7. Kubrick, the recluse
Kubrick was well known and available to those who needed him. He was never, ever, any kind of hermit. True, he did not grant too many interviews over the years but, while he was making a movie, he was consumed and quite busy. Since his shoots and post-production normally last years, that’s a lot of time away from the public eye.
In fact, other than shooting on location or at a studio, all pre- and post-production was performed at his estate. He rarely left it unless shooting. His vast armies of production assistants scoured the world and took thousands of pictures and collated mountains of data and historical research.
Kubrick’s main tool of communication was the phone and fax. He was on the phone constantly with experts, filmmakers, production experts, his producers, who would receive calls at all hours of the evening at all times of the year.
The truth is, he preferred being surrounded by and encapsulated within his large, English country estate adorned by his family, friends, working associates, and many, many animals. He was especially fond of cats and it gave him peace. The lack of travel time to and from a ‘normal’ office meant more time thinking and making films.
Kubrick, discussing his work habits: “As much as there are hours in the day, and days in the week. I think about a film almost continuously. I try to visualize it and I try to work out every conceivable variation of ideas which might exist with respect to the various scenes, but I have found that when you come down to the day the scene is going to be shot and you arrive on the location with the actors, having had the experience of already seeing some of the scenes shot, somehow it’s always different.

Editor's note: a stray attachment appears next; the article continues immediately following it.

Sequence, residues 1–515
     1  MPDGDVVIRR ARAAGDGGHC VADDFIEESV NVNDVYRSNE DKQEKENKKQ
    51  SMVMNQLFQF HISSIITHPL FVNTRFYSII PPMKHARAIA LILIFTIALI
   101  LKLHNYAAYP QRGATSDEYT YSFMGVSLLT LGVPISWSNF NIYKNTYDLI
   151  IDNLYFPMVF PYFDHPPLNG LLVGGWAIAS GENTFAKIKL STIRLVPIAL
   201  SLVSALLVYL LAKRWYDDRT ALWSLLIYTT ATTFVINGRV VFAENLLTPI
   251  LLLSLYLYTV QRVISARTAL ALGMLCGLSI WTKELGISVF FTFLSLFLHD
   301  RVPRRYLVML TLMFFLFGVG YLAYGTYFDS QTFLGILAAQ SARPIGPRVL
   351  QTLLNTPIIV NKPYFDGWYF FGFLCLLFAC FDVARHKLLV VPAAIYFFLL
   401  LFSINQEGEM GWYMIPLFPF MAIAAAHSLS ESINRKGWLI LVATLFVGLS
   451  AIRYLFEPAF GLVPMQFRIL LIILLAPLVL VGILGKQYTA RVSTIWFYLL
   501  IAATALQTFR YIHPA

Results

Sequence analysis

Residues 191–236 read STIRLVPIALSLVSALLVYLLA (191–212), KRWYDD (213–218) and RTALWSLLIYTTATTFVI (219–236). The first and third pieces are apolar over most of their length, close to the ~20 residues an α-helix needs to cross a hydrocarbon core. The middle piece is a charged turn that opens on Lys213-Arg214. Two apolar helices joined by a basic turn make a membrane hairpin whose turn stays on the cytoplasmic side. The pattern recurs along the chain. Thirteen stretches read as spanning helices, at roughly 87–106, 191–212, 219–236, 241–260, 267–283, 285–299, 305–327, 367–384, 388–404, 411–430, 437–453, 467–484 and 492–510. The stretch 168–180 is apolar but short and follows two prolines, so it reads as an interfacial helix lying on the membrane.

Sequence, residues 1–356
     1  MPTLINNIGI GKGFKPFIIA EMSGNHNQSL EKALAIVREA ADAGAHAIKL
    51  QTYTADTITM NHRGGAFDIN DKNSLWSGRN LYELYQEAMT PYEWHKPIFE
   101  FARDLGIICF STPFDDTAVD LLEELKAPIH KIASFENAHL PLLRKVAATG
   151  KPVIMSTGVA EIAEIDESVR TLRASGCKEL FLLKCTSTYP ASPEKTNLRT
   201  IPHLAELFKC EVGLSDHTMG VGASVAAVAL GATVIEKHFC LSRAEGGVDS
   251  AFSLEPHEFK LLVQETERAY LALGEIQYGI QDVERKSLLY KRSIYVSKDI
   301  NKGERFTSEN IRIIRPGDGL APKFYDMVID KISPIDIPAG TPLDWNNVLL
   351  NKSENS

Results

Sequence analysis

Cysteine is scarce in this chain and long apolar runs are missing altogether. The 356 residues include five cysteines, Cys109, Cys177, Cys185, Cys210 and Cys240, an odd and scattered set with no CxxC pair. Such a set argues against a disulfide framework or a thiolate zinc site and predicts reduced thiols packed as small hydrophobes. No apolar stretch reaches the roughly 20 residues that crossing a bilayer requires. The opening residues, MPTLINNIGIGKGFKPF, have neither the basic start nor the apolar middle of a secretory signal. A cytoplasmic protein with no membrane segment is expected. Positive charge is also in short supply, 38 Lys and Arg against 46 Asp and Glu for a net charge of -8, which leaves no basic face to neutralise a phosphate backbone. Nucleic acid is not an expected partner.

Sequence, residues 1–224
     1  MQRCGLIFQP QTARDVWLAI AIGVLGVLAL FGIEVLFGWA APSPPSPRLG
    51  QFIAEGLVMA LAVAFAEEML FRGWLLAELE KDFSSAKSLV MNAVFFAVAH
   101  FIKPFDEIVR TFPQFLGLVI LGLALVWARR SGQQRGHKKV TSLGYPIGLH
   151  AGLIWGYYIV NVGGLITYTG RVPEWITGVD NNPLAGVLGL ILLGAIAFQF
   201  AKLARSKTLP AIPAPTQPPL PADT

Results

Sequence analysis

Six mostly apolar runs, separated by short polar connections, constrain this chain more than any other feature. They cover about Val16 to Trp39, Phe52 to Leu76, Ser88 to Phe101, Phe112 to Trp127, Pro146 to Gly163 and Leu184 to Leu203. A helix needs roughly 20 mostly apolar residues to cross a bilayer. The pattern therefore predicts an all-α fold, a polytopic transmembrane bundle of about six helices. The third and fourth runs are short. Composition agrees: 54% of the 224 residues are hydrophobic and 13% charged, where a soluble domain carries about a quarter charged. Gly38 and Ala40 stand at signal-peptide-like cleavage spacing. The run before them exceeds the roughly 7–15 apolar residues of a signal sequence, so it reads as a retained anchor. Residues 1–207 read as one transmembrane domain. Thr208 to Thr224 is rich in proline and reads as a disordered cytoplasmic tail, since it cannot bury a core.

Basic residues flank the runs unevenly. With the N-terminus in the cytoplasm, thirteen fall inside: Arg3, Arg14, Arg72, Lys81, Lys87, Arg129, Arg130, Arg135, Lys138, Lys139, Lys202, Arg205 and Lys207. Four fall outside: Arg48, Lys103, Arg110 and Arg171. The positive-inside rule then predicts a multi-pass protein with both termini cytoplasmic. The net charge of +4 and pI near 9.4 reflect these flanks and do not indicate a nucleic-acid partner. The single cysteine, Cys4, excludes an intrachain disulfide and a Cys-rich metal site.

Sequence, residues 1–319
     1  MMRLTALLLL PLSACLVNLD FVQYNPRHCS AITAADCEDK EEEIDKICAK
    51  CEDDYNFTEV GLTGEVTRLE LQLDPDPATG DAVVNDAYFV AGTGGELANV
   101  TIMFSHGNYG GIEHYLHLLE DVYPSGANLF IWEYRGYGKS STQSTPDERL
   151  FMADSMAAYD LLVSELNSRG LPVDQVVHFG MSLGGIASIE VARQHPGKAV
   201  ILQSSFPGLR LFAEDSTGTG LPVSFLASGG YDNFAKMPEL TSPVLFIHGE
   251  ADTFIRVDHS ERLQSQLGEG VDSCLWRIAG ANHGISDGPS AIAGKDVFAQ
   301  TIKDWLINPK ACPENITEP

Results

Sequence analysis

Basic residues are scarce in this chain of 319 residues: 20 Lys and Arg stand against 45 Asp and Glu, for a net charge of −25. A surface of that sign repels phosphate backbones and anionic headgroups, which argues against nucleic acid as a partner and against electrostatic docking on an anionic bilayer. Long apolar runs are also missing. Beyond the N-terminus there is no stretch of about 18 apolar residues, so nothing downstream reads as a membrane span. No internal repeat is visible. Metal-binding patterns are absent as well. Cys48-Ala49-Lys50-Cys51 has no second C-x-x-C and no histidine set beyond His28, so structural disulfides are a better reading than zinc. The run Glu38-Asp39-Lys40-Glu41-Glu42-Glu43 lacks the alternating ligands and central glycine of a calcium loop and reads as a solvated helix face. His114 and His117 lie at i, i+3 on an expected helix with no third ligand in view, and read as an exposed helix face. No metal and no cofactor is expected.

You find out that you have not really explored the scene to it’ fullest extent. You may have been thinking about it incorrectly, or you may simply not have discovered one of the variations which now in context with everything else that you have shot is simply better than anything you had previously thought of.
The reality of the final moment, just before shooting, is so powerful that all previous analysis must yield before the impressions you receive under these circumstances, and unless you use this feedback to your positive advantage, unless adjust to it, adapt to it and accept the times terrifying weaknesses it can expose, you can never realize the most out of your film.”
Michael Herr: “He was in fact a complete failure as a recluse, unless you believe that a recluse is someone who seldom leaves his house… he was one of the most gregarious men I ever knew, and it didn’t change anything that most of this conviviality went on over the phone.”
Hardly the recluse. Always working. Always questioning. Always looking for answers.
8. Stanley “everything in Room 237 is true” Kubrick
Stanley Kubrick never said that line – and wouldn’t – even if he could.
But, O, imagine the possibilities! Imagine he looked at the film Room 237 and said, ‘for once, someone got it right!’
“Room 237” is a must-see film for the simple reason to see how monumentally, spectacularly, gloriously wrong some people can be when it comes to film analysis.